JOURNAL ARTICLE
RANDOMIZED CONTROLLED TRIAL

A trial of integrated buprenorphine/naloxone and HIV clinical care

Lynn E Sullivan, Declan Barry, Brent A Moore, Marek C Chawarski, Jeanette M Tetrault, Michael V Pantalon, Patrick G O'Connor, Richard S Schottenfeld, David A Fiellin
Clinical Infectious Diseases 2006 December 15, 43: S184-90
17109305

BACKGROUND: Untreated opioid dependence adversely affects the care of human immunodeficiency virus (HIV)-positive patients. Buprenorphine, a partial opioid agonist, is available for maintenance treatment of opioid dependence in HIV specialty settings. We investigated the feasibility and efficacy of integrating buprenorphine, along with 2 levels of counseling, into HIV clinical care.

METHODS: HIV-positive, opioid-dependent patients were enrolled in a 12-week pilot study and randomized to receive daily buprenorphine/naloxone treatment along with either brief physician management or physician management combined with nurse-administered drug counseling and adherence management. Primary outcomes included treatment retention; illicit drug use, assessed by urine toxicology test and self-report; CD4 lymphocyte counts; and log(10) HIV type 1 (HIV-1) RNA levels.

RESULTS: Of the 16 patients who received at least 1 dose of buprenorphine, 13 (81%) completed 12 weeks of treatment. The proportion of opioid-positive weekly urine test results decreased from 100% at baseline to 32% (month 1), 20% (month 2), and 16% (month 3). Only 4 patients reported any opioid use (in the prior 7 days) during the 12-week study. CD4 lymphocyte counts remained stable over the course of the study. The mean log(10) HIV-1 RNA level (+/- standard deviation) declined significantly, from 3.66+/-1.06 log(10) HIV-1 RNA copies/mL at baseline to 3.0+/-0.57 log(10) HIV-1 RNA copies/mL at month 3 (P<.05). No significant differences based on counseling intervention were detected. All 13 patients who completed the study continued to receive treatment in an extension phase of at least 0-15 months' duration.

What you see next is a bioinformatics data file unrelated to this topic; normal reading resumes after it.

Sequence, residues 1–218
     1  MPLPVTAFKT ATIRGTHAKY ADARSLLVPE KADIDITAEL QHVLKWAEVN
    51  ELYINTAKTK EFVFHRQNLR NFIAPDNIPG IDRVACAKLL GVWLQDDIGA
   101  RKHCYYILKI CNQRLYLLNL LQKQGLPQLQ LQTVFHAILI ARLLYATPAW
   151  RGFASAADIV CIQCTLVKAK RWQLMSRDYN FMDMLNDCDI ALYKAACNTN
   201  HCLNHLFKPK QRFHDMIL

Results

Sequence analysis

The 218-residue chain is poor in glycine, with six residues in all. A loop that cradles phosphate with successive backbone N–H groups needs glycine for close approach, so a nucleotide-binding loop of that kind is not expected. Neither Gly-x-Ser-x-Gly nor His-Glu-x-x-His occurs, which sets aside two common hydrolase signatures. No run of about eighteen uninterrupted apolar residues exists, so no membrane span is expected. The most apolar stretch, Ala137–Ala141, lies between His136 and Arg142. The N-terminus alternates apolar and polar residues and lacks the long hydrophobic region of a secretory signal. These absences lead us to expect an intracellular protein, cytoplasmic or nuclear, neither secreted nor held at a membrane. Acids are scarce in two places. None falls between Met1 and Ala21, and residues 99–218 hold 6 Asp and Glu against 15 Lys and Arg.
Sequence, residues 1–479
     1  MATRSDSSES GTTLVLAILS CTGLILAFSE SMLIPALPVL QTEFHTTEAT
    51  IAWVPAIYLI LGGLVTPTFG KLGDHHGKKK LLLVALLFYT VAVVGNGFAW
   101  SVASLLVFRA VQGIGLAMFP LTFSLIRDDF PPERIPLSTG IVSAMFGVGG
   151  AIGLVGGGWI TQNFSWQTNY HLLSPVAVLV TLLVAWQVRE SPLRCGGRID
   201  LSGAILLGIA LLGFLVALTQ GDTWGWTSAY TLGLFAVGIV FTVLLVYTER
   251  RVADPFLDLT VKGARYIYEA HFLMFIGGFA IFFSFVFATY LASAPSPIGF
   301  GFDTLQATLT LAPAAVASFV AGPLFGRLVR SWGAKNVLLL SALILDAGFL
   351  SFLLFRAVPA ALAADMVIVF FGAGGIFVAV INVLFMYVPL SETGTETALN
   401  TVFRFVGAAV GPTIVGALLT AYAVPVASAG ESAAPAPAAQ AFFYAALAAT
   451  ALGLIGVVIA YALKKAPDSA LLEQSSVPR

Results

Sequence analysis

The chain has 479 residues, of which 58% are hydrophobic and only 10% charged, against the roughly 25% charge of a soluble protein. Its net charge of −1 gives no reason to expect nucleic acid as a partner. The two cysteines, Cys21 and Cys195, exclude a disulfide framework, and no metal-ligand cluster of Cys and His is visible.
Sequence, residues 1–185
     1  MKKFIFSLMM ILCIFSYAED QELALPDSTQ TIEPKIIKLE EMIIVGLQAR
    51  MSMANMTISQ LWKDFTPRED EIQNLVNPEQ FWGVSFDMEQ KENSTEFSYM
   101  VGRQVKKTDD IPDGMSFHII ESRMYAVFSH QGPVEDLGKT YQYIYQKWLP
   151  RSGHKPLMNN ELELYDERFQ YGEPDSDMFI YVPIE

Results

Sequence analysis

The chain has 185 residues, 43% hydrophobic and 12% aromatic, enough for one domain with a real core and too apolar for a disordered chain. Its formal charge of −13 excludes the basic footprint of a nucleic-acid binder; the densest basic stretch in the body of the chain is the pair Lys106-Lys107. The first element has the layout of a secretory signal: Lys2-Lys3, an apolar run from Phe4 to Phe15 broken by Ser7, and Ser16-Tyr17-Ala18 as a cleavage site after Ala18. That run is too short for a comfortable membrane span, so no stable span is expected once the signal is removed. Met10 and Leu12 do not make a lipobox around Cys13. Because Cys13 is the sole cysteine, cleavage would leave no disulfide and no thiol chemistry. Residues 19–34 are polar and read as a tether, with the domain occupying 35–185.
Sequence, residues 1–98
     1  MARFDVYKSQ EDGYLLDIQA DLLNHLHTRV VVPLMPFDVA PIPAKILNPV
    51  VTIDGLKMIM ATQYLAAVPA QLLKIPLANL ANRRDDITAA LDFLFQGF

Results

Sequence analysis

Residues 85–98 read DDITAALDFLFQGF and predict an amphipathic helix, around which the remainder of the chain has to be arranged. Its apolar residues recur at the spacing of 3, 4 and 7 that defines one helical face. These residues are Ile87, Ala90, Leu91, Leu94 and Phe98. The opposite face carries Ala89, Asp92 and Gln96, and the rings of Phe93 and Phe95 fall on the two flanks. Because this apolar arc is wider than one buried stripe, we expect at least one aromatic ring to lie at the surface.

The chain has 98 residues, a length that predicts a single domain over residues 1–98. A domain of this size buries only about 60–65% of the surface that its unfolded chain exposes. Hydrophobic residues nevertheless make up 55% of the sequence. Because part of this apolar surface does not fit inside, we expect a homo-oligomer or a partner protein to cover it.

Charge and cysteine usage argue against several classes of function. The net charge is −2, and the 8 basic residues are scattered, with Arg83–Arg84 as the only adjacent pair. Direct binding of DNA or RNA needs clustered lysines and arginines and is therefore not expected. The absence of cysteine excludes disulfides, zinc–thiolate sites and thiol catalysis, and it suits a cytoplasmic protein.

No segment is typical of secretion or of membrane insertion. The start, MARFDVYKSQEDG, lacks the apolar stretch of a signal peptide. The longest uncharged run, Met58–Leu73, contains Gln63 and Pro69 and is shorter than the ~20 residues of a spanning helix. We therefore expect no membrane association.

CONCLUSIONS: We conclude that it is feasible to integrate buprenorphine into HIV clinical care for the treatment of opioid dependence. Patients experienced good treatment retention and reductions in their opioid use. HIV biological markers remained stable or improved during buprenorphine/naloxone treatment.

Full Text Links

Find Full Text Links for this Article

Discussion

You are not logged in. Sign Up or Log In to join the discussion.

Related Papers

Remove bar
Read by QxMD icon Read
17109305
×

Search Tips

Use Boolean operators: AND/OR

diabetic AND foot
diabetes OR diabetic

Exclude a word using the 'minus' sign

Virchow -triad

Use Parentheses

water AND (cup OR glass)

Add an asterisk (*) at end of a word to include word stems

Neuro* will search for Neurology, Neuroscientist, Neurological, and so on

Use quotes to search for an exact phrase

"primary prevention of cancer"
(heart or cardiac or cardio*) AND arrest -"American Heart Association"